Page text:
Location: Bluemont, Virginia, United States

I currently live in the Blue Ridge Mountains of VA with my husband and our 5 Australian Shepherds

Friday, July 28, 2006

Puppy Breath with Pictures

I'm going to try and post some pictures of the babies. I tried with the first post but couldn't find where I had put them. With the help of one of my dear co-workers hopefully it will work this time!

This is Haley. She is a very sweet and out going puppy. My friend in Germany, Susanne, is crazy about her.

This is Fallon. Such a cutie and so full of herself. I'm very partial to her.

This is Kira. She was the first born and it the smallest. She is a little shy but is so sweet.

Well I have managed to post three of the eight pictures. I'll post more later. Enjoy my babies!

More Puppy Breath

The first and only post about Polly's puppies was when they were 10 days old. My how time flies! They are seven weeks old today. I'm just not sure where the last 5 1/2 weeks have gotten to. Wednesday was a big day for the kids. They paid a visit to the canine ophthalmologist where they all passed their eye checks with flying colors. Then it was home for a short while and then off to our regular vet for a general health check. This is something I only started doing about three or four litters ago. (The reason being is that I sold a puppy to a very nice couple only to get a call three days after they had the puppy home to inform me that the puppy had a severe heart murmur. I offered that they could return the puppy and I would refund their money but they insisted that they had bonded with the puppy and vise versa. To make a long story short, I found a canine cardioloigst for them and it turned out that the puppy had a PDA. Which they were able to repair surgically. ) I am happy to report that they passed their health check too. So tonight they will go for temperament testing and then this weekend they will go for their conformation evaluation. After that my husband and I will take a decision as to which puppy we will keep and I will let all of my puppy buyers know which puppies will be available for them. Raising a litter of puppies is truly a labor of love but I wouldn't trade it for anything in the world. My husband and I really enjoy sitting out on our patio watching the puppies play with each other and with the older dogs. We have always maintained that watching puppies play is the best form of free entertainment that God ever created. On one hand I will be happy when they are in their new homes with their new families but on the other hand I will be very sad. We always keep in touch with our puppy buyers so we will see them as they grow. Then we will get ready for next years litter. Aah!!!!! more puppy breath. I can hardly wait!!!!!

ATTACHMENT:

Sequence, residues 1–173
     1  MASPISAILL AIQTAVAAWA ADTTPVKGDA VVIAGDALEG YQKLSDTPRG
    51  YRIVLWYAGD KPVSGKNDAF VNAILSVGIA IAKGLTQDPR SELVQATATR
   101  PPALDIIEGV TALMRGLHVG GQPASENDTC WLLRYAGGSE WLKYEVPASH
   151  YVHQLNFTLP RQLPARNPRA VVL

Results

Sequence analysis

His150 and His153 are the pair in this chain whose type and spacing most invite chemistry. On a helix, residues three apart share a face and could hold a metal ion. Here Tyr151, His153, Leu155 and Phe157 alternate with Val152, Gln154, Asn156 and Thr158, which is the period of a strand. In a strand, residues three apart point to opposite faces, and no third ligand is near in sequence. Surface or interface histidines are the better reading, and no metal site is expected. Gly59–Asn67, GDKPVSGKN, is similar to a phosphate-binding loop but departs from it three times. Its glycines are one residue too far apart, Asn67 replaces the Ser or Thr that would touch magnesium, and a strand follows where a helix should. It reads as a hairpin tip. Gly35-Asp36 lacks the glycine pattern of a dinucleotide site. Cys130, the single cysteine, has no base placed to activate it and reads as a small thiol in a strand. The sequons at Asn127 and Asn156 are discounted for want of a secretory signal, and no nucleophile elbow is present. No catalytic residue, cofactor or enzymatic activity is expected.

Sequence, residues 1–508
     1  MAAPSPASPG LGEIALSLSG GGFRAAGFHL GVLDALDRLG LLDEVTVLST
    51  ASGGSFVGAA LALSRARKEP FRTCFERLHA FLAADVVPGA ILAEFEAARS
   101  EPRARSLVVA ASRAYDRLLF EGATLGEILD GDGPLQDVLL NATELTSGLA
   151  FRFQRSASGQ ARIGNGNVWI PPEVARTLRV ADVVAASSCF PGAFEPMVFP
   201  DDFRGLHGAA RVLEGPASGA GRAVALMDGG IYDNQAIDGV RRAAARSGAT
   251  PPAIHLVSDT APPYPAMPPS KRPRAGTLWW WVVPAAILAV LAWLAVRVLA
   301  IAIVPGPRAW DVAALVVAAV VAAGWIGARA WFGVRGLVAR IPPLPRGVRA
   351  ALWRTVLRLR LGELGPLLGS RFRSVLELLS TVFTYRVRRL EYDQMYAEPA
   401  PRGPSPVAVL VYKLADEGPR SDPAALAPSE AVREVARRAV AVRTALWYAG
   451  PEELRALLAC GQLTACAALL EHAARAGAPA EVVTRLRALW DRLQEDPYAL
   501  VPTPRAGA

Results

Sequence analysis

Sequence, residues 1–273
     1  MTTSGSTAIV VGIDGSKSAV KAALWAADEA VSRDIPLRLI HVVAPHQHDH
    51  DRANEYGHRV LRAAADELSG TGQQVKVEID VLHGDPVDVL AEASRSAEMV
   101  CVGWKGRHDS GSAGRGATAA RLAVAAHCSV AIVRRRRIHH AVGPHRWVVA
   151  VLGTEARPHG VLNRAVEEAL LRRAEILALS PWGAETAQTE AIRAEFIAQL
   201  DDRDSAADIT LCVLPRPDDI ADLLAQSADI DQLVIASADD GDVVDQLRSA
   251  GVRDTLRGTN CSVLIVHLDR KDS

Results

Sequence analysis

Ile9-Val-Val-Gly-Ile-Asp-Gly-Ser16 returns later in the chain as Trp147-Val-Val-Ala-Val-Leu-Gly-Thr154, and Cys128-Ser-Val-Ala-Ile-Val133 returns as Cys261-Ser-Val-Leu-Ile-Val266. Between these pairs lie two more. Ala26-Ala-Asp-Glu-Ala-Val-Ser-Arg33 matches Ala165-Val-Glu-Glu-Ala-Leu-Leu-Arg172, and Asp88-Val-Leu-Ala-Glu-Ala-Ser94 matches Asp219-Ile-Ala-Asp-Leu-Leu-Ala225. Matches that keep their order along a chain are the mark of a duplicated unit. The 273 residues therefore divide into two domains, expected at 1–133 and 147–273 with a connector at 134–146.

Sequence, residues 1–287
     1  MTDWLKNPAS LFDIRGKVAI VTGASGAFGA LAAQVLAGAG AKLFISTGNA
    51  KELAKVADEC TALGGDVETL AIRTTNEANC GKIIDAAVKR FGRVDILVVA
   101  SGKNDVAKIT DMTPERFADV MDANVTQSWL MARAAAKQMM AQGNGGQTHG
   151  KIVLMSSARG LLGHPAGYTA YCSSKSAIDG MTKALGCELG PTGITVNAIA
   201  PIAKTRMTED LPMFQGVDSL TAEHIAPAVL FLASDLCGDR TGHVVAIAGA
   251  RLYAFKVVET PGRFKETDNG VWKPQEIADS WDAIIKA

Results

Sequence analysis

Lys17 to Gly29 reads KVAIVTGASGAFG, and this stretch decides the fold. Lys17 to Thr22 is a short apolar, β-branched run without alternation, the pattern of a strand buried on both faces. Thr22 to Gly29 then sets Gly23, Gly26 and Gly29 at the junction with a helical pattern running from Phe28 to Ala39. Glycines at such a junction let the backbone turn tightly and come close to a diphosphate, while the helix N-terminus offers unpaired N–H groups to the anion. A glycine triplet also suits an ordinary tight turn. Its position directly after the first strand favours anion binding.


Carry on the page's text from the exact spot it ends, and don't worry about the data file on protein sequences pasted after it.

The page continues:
Friday, June 23, 2006

Jurassic Park

I have often described my place of employment as a jurassic park. Why you might ask? The answer is becuase of how long people tend to stay with my company. This idea of mine was made even more evident a couple of weeks ago when I attended a diversity meeting. Usually these meeting are real snore fests but the woman who spoke at this meeting was very interesting. She told us that there are four generations of people working at our company. They are The matures, age 61 to 81, the baby boomers, age 42 to 60. Yours truly falls into this catagory. The Gen X'ers age 27 to 41 and the Gen Y's age 26 and younger. Each group brings a different idea of working and way to work to the table. This woman went on to describe each group and their work style and work ethic. I was really surprised at how spot on she was with her descriptions. Another astonishing fact that this woman imparted was that 57% of my company's work force will be eligible to retire within the next 5 to 10 years! Now, I am eligible to "early out" the first of Janurary 2007. This is after almost 36 years of service. But, I'm not going. At least not in January. After saying for so long that I couldn't wait to retire and how as soon as I was eligible I was out of here I'm staying put at least for a while. Now, I've set my target retirement date for 1 March, 2008. Why another year? Well our house will be paid off then and while we are planning on moving we do need to do some work on the place so financially I figure it would be easier.